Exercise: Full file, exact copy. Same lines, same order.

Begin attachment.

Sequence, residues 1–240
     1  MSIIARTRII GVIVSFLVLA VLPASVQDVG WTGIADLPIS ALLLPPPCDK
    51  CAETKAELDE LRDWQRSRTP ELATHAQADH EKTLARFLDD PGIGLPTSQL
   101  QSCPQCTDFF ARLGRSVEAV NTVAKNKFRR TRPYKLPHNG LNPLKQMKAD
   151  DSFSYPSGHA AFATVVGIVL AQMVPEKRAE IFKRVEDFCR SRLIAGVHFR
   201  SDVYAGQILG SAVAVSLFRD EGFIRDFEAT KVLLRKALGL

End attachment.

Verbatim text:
Sequence, residues 1–240
     1  MSIIARTRII GVIVSFLVLA VLPASVQDVG WTGIADLPIS ALLLPPPCDK
    51  CAETKAELDE LRDWQRSRTP ELATHAQADH EKTLARFLDD PGIGLPTSQL
   101  QSCPQCTDFF ARLGRSVEAV NTVAKNKFRR TRPYKLPHNG LNPLKQMKAD
   151  DSFSYPSGHA AFATVVGIVL AQMVPEKRAE IFKRVEDFCR SRLIAGVHFR
   201  SDVYAGQILG SAVAVSLFRD EGFIRDFEAT KVLLRKALGL